Dichotomous Key/Neognathae

Key to AvesEdit

  • Phoenicopteridae: Large light pink to scarlet web-footed wading bird; Bill bent downward; Birds of brackish lakes. Flamingos.
  • 2: Feet lobed or unlobed; small to large birds of various colors.


  • 3: Legs are small; Feet covered with bare skin; Long wings, but short and stout humerus bones.
  • 4: Legs small to large; Feet covered with scales called scutes.


  • Trochilidae: Beak long and thin; Wings flap very rapidly, allowing it to hover; Generally feed on nectar. Hummingbirds.
  • 5: Beak short; Does not generally flap wings very rapidly; Usually insectivorous.


  • 6: Nocturnal and carnivorous, feeding mostly on insects and small rodents; generally fly almost silently; Feathers have few radiates and longer pennulum; Large, tubular shaped eyes unable to move; Ear placement asymmetrical. Owls.
  • 7: Nocturnal or diurnal with various feeding habits; Generally make noise during flight; Small, round eyes.


  • Apodidae: Not able to perch; Tail not deeply forked; Crest not present on head. Swifts.
  • Hemiprocnidae: Able to perch; Tail deeply forked; Crest present on head. Treeswifts.


  • Strigidae: Inner toe shorter than third toe, which has a smooth edge; Circular facial disk; Four notches present in sternum which is not fused to the furcula. True owls.
  • Tytonidae: Inner toe is the same size as other toes and has a pectinate claw; Heart-shaped facial disk; Two notches present in sternum which is fused to the furcula. Barn owls.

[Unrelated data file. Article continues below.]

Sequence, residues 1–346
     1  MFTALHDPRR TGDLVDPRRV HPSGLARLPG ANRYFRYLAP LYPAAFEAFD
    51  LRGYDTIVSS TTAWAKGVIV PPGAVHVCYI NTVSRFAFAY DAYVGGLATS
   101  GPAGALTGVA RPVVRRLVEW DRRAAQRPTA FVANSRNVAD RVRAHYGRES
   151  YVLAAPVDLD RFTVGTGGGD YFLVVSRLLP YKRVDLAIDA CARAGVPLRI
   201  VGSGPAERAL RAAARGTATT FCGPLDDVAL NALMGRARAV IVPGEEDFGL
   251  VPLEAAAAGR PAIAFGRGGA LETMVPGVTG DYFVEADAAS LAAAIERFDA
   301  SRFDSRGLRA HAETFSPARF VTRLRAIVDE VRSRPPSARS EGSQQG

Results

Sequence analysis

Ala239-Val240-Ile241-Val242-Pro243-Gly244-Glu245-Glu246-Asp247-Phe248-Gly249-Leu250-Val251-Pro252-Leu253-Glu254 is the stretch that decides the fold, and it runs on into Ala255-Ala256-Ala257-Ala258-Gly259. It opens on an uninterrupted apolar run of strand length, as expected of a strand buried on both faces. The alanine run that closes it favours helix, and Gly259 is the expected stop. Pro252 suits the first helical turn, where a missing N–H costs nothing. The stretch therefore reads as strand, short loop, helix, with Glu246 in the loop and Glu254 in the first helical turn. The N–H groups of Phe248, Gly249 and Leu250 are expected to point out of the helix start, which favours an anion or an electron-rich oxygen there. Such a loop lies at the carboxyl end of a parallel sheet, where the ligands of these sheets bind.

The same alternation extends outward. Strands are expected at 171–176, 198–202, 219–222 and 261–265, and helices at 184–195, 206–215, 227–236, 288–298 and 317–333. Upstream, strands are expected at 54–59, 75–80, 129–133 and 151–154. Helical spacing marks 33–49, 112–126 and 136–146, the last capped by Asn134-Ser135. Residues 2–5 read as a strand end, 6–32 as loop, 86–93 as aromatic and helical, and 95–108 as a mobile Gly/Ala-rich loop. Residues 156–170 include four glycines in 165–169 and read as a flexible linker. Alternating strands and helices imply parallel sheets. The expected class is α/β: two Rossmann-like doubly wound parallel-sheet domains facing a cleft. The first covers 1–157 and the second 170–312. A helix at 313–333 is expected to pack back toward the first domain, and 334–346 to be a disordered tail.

• 8: Strong, curved bill; Two clawed toes face forward and two clawed toes face backward; Generally vividly multi-colored and eat seeds, nuts, fruit, buds, or other plant material.
  • 9: Various bill shapes, but generally not strongly curved downward; Various dactyly, but generally not two claws forward and two backward.



  • Cacatuoidea (cockatoos), 21 species
  • Psittacoidea (true parrots), 330 species
  • Strigopoidea (New Zealand parrots), 9 species (excluding Kakapo- flightless)


  • 10: Sharply hooked beak with a cere on the proximodorsal surface; Strong legs with talons, including an opposable hind claw; Generally carnivorous and relatively long-lived. Raptors
  • 11: Beaks of various sizes, but generally don't have a cere (few exceptions including turkeys, skuas, and curassows).



  • Accipitridae (eagles, hawks, old world vultures)
  • Pandion haliaetus (Osprey), 1 species
  • Falconidae (Falcons & caracaras), ~60 species
  • Sagittariius serpentarius (Secretarybird), 1 species
  • Cathartidae (New World vulture), 7 species


  • 12: Tubular nasal passage present, capable of smelling; Majority of food comes from the open ocean; Bill made up of seven to nine horny plates. Tubenoses.
  • 13: Tubular nasal passage absent; Majority of food terrestrial or of smaller bodies of water; Bill not made up of horny plates.



  • Diomedeidae (albatrosses), 21 species (debated)
  • Hydrobatidae (storm petrels), 7 species
  • Pelecanoididae (diving petrels), 4 species
  • Procellariidae, ~70 species


  • Opisthocomus hoazin: spiky reddish-brown crest present on head; Unfeathered blue face and red eyes; Manure-like odor.
  • 14: Crest absent or if present, not spiky and reddish-brown.


  • Podicipedidae: Plumage is dense and waterproof; the underside the feathers are at right-angles to the skin, sticking straight out to begin with and curling at the tip. Grebes.
  • 15: Plumage may or may not be waterproof, but if it is, feathers not at right angles to skin.